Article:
Hated

Seams Showing Through: There are plenty of little nits that get in the way of immersing oneself in Red Dead Redemption, from small but noticeable bugs, like items popping in and out and dialogue disappearing, to gameplay elements that feel so familiar from playing Rockstar's other games that missions can become too predictable. Some storytelling elements feel unnatural, as Marston is constantly dicked around by non-player characters who don't believably advance the plot, but simply add more missions to the tally. While the game's voice acting is typically top notch, conversation delivered during rides to destinations sometimes feel awkward or stilted, taking the player out of the element.

Red Dead Redemption was developed by Rockstar San Diego and published by Rockstar Games for the PlayStation 3 and Xbox 360 on May 18. Retails for $US59.99. A copy of the game was purchased by Kotaku for reviewing purposes. Played through single-player campaign and tested multiplayer modes on Xbox 360.

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Comments

    I've noticed most complaints about the bugs in the game come from copies reviewed on the 360. Does the PS3 have the same issues?

      I've been playing on the PS3 and I've had a fair few bugs. I've taken cover and for no reason been shot into the air and fell down and died, I got ran over by a cart, got up and merged inside the cart and got stuck untill I suddenly got rocketed up into the air and died again. I've had a cutsene were the model of one of the charecters gets duplicated, one model continues on with the cutscene while the other stands there and does the idle animations. I've had to stop wearing my duster as whenever I entered a cutscene, the bottom of the coat would go rock hard and stick straight up through my waist and it just looked retarded, I've also had most of my torso dissapear in another cutscene.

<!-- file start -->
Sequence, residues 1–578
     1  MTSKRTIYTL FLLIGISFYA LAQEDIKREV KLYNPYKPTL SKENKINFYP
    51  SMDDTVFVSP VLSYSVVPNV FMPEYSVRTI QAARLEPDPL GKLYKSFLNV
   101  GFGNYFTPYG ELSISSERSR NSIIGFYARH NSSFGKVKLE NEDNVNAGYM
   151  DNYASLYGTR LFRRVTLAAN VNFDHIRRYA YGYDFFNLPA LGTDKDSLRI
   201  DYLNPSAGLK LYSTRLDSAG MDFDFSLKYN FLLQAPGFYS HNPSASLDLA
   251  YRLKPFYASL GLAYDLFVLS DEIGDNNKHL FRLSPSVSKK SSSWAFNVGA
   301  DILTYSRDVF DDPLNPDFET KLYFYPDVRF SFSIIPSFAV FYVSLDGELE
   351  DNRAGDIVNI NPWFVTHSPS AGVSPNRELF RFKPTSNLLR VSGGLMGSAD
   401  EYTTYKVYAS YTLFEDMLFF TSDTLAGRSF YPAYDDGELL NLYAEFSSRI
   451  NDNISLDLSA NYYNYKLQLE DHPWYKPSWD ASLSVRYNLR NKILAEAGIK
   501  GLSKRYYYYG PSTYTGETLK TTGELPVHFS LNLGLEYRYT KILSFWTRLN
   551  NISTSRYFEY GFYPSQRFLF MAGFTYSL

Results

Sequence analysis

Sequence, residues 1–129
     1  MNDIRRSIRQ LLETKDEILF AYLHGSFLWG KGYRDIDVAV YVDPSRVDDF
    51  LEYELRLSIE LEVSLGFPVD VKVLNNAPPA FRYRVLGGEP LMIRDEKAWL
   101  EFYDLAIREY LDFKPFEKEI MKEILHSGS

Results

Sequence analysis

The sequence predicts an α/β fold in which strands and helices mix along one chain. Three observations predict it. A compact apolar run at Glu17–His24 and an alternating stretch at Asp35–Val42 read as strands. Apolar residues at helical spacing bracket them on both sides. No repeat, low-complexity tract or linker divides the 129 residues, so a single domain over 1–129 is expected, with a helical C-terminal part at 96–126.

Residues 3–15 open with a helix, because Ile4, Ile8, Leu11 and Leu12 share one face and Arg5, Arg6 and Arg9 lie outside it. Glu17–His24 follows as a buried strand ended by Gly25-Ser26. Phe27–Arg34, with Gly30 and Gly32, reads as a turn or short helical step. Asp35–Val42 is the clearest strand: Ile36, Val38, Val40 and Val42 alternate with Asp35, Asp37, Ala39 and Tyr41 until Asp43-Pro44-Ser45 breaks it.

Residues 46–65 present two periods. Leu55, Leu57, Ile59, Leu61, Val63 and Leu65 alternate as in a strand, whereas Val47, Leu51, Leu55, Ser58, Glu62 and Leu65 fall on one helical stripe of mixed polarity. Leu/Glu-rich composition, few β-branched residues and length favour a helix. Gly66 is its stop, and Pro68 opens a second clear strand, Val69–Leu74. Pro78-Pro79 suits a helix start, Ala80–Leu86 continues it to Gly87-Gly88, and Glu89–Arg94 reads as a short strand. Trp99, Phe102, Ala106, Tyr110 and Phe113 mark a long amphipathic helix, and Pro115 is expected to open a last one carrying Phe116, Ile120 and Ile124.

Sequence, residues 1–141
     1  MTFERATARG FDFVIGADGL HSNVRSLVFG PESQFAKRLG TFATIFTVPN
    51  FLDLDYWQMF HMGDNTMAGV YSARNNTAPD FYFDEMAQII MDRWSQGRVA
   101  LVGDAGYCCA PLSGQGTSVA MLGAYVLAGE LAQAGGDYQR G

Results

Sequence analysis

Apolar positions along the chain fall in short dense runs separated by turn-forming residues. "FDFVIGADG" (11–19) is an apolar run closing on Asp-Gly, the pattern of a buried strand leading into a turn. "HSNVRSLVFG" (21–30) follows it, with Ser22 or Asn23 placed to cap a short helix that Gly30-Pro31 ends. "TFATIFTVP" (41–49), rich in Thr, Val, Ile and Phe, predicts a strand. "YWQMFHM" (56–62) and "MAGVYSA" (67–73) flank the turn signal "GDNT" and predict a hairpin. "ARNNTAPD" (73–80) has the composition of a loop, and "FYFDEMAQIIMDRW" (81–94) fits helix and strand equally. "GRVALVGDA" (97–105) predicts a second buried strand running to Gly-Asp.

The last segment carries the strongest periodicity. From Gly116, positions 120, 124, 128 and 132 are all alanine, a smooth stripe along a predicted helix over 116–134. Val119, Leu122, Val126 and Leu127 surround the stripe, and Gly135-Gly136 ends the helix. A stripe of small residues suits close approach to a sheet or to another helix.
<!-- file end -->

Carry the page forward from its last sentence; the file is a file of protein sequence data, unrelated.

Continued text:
So yeah, the bugs are deffintly there on the PS3.

      don't take that as a condemnation of the game though, it's absolutely brilliant and you should get it.

    Is there going to be a PC version any time soon?

      Although not yet announced, there will be.
      Rockstar ALWAYS release their games on PC after the initial console sales have slowed.

    I've been playing the 360 version since Friday and have only noticed one of the famous bugs. Last night, a carriage that was integral to the mission suddenly shot 100 feet into the air and came smashing down on the ground- mission failed instantly. I reloaded and kept playing. Honestly, it was not a biggie and the game cannot be described as 'buggy' by any stretch.

      Well, the game can indeed be described as buggy, it can be described as very buggy, but the bugs are NOT detrimental to the enjoyment of the game. Infact some of the bugs are quit funny. Such as the drunk man in armadillo who I saw repeatedly standing up and falling over all up and down the street, he appeared to be sliding!?

    Top game. Anyone on the fence, get it.